Dent, 2009

An eight-day astronomical regulator signed ‘E. Dent & Co. / 61, Strand London 2009’. A conventional weight-driven regulator with dead-beat escapement and jewelled pallets; seconds, quarter-hour and hour contacts; zinc-and-steel compensated pendulum with hit-and-miss synchronizer and a Synchronome magnetic corrector. It is one of a series of 12 clocks made by Dent specially for the British 'Transit of Venus' expeditions of 1874. Number 2009 was used by Captain Orde Browne to observe the transit at Mokattam, Egypt, and was afterwards used at Greenwich in the South-East Equatorial dome with the 12.8-inch, and later with the 28-inch telescopes.

In 1940, the clock was fitted with the present electrical contacts, an electro-magnetic corrector device and a hit-and-miss synchronizer so that it could be controlled by a Shortt free-pendulum clock. It was then set up at Edinburgh as part of a reserve station for broadcasting the six-pips time signal in case the regular station at Abinger was damaged by enemy action. In the event, the reserve station was not needed.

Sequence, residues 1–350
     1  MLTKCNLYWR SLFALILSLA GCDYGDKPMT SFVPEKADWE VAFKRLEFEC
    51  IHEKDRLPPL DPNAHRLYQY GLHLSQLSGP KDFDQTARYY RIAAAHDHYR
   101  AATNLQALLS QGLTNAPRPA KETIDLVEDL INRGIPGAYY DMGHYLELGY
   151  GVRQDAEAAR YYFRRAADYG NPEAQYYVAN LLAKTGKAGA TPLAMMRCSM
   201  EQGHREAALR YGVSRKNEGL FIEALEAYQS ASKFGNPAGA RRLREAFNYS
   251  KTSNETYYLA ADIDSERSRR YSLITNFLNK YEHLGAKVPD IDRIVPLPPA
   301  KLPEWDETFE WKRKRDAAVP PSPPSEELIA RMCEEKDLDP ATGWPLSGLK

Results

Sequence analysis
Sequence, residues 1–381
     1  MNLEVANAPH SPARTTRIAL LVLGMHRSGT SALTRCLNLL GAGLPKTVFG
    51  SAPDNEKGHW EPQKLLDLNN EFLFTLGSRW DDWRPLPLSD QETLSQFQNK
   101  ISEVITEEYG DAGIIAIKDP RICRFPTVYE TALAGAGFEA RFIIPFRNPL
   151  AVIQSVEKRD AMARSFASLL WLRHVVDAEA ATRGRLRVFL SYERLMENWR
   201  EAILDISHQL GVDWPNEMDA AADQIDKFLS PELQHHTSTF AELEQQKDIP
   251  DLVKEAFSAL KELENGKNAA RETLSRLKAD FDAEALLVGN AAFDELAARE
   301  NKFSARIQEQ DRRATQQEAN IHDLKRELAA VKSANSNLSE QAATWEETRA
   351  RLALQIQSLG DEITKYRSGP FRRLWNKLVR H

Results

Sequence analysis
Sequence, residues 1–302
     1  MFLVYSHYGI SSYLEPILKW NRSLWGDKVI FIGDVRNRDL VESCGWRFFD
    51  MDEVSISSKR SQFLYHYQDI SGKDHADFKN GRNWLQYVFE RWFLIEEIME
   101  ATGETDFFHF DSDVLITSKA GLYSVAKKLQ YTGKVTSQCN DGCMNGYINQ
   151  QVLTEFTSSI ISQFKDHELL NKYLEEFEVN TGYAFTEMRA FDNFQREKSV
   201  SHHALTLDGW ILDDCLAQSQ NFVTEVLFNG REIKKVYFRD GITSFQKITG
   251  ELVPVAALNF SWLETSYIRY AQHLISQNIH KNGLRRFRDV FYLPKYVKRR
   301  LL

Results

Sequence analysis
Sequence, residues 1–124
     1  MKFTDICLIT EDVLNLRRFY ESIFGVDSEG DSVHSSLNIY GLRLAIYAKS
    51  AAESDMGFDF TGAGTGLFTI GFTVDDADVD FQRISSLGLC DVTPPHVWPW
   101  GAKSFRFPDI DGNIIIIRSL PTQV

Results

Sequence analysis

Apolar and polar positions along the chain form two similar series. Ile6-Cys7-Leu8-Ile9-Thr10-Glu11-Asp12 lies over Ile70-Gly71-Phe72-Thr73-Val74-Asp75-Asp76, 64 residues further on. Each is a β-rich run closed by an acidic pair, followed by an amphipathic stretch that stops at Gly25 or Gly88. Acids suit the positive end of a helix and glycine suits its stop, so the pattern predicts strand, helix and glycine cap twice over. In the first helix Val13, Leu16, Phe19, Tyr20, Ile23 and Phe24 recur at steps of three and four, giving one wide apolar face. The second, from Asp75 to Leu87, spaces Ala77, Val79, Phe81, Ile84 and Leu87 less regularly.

The firm of Dent & Co. originated with Edward John Dent (1790–1853), one of the most celebrated of all the 19th century chronometer and precision clock makers. Dent built up a strong relationship with the Astronomer Royal and the Royal Observatory. He received considerable patronage from both. In the 1840s Dent expanded his already healthy business, having no fewer than three London premises. He also founded a turret clock manufactory which would produce one of the most famous clocks in the world, the Great Clock at Westminster, familiarly known as ‘Big Ben’ (actually the name applied to the hour bell). However, the work was only completed after Dent’s death. The firm of Dents continued in business for many years, only finally closing in the 1970s.

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